War crimes investigators given access to restricted documents in Roberts-Smith case09/27/2023
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War crimes investigators and the Australian Federal Police have been granted access to restricted documents on the court file in Ben Roberts-Smith’s failed defamation case amid active investigations into allegations Australian soldiers broke the rules of engagement in Afghanistan.
Federal Court Justice Robert Bromwich on Wednesday altered national security orders and granted the AFP and the Office of the Special Investigator (OSI) access to some material on the sensitive court file in the defamation case. The OSI is the agency investigating the war crimes allegations.
Ben Roberts-Smith outside the Federal Court in Sydney last year.Credit: Kate Geraghty
The court heard Roberts-Smith did not oppose the Commonwealth’s application on behalf of the OSI to access a list of documents that had been narrowed following out-of-court discussions. However, he did not actively consent.
Bromwich said the former Special Air Service soldier’s “neutral stance” was understandable, and he was “not standing in the way of the order”.
“He is, it’s now openly acknowledged, the subject of an investigation,” Bromwich said.
“No one knows where that’s going to end up. I think someone who’s facing at least the possibility of a further proceeding of some kind, I don’t want to say anything more than that, would justifiably take a neutral stance.”
The material that may be accessed by investigators includes the transcript of parts of the defamation trial held behind closed doors to protect national security information, subject to redactions. Some sensitive outlines of evidence will also be accessed, along with documents tendered in closed court.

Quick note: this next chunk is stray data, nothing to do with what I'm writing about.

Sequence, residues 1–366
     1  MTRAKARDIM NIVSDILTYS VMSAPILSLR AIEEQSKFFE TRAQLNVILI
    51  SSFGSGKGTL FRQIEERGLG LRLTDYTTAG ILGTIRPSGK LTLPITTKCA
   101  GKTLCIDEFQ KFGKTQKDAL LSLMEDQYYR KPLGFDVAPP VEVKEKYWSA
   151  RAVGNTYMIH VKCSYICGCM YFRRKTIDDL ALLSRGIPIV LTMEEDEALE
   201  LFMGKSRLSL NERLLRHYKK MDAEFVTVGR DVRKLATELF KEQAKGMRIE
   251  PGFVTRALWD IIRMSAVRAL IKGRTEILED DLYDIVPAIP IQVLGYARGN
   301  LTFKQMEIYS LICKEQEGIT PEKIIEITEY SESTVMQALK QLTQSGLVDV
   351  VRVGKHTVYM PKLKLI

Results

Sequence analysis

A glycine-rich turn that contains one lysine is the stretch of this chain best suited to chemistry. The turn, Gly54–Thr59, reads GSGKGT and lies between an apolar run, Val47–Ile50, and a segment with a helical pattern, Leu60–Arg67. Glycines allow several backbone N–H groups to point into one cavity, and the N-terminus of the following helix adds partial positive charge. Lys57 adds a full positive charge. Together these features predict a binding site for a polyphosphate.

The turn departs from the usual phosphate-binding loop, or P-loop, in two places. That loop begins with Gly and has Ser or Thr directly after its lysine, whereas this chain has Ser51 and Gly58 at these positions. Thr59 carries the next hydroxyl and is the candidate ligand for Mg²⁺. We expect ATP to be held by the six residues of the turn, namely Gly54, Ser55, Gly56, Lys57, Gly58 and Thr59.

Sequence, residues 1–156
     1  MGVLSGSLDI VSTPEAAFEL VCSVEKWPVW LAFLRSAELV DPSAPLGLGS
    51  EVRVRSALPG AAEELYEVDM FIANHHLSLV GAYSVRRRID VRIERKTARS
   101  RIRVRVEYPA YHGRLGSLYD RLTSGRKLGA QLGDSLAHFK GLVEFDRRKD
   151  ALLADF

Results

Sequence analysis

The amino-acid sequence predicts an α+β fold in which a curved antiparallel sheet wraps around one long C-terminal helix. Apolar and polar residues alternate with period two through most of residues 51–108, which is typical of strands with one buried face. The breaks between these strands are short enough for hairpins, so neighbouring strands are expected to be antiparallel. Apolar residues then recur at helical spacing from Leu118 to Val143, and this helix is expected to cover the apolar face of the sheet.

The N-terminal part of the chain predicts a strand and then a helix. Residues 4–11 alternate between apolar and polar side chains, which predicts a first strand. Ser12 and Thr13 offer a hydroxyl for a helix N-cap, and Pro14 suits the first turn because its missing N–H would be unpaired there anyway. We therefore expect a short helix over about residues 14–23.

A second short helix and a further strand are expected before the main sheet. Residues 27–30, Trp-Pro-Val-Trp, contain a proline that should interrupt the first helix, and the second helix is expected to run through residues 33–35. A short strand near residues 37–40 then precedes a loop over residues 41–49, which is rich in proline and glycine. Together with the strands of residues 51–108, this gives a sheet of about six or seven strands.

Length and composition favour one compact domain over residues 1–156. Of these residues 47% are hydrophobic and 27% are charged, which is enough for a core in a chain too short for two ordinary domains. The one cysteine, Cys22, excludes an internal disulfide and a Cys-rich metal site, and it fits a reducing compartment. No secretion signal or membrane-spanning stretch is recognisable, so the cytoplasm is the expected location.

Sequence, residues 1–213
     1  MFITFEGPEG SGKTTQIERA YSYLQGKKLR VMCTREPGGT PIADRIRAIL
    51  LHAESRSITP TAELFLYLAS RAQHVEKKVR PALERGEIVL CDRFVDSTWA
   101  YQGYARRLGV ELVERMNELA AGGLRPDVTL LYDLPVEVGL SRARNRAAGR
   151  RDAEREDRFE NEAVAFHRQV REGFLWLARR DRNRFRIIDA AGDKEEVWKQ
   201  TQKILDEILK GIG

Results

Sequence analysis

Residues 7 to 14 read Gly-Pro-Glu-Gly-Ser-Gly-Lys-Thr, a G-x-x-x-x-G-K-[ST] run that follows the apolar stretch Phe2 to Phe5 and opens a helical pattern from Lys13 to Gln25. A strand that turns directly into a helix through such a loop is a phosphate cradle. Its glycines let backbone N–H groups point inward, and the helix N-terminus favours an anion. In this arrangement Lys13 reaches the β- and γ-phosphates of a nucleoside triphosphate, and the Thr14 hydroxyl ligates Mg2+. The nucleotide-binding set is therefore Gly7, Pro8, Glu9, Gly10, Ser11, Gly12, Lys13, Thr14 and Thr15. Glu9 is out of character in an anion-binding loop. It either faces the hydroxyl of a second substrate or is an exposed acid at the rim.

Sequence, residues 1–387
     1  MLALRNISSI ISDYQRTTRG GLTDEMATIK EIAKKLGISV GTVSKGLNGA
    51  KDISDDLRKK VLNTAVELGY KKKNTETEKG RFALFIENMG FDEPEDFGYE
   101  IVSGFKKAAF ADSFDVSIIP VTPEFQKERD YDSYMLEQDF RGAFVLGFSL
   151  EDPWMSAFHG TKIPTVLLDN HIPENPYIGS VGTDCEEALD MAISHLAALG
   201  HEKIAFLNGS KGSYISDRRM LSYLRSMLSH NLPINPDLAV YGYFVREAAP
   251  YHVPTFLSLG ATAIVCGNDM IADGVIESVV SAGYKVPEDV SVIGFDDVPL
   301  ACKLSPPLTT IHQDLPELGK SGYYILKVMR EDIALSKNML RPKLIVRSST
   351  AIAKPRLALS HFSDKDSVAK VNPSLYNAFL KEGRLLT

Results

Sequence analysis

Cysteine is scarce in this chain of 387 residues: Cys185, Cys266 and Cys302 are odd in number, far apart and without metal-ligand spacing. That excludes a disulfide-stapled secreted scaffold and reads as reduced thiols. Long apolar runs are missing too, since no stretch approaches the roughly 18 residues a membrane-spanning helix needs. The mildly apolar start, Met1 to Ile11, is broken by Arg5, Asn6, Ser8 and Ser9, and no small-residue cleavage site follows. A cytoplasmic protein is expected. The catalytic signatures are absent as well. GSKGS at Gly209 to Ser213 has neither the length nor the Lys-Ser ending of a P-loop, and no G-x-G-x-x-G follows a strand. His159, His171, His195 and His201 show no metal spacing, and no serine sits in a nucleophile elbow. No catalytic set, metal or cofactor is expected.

Documents relating to an Inspector-General of the Defence Force (IGADF) inquiry, which examined allegations about the conduct of Australian soldiers in Afghanistan and led to the establishment of the OSI, were excluded on the basis they are subject to statutory immunities preventing their use in other proceedings.
The OSI has previously indicated it has more than 30 active investigations into the alleged commission of criminal offences by members of the Australian Defence Force in Afghanistan between 2005 and 2016.
Bromwich ordered the Commonwealth to pay Roberts-Smith’s legal costs of the application on the basis the position ultimately agreed by the parties had been proposed by the former soldier’s legal team at an earlier date.
Arthur Moses, SC, acting for Roberts-Smith, said the Commonwealth had previously sought “access to the entirety of the sensitive court file irrespective of whether it included material that was protected by … immunities”.
Roberts-Smith’s lawyer Arthur Moses, SC, pictured in June this year.Credit: Anna Kucera
He said the Commonwealth later “changed course and confirmed that it would not seek certain documents”, including IGADF transcripts of evidence.
“The Commonwealth has capitulated to the concerns raised by [Roberts-Smith],” Moses said. He said later it had “effectively surrendered” and changed its position dramatically.
But Jennifer Single, SC, acting for the Commonwealth, said “it can’t be said that the Commonwealth capitulated its position” and Roberts-Smith started from a position of blanket opposition before changing his stance.
Single said the OSI had always been “very much aware” of immunities and had proposed a system to address this, before the parties agreed on a list of “carve-outs” to the documents sought.
In a historic decision on June 1, Justice Anthony Besanko dismissed Roberts-Smith’s multimillion-dollar defamation case against The Sydney Morning Herald and The Age.
Besanko found the newspapers had proven to the civil standard – on the balance of probabilities – that Roberts-Smith was a war criminal who was complicit in the murder of four unarmed prisoners in Afghanistan. He also found the news outlets had proven the former Special Air Service corporal had bullied a fellow soldier.
Roberts-Smith has consistently denied wrongdoing. He is appealing against that decision and the Full Court of the Federal Court will hear the appeal between February 5 and 16.
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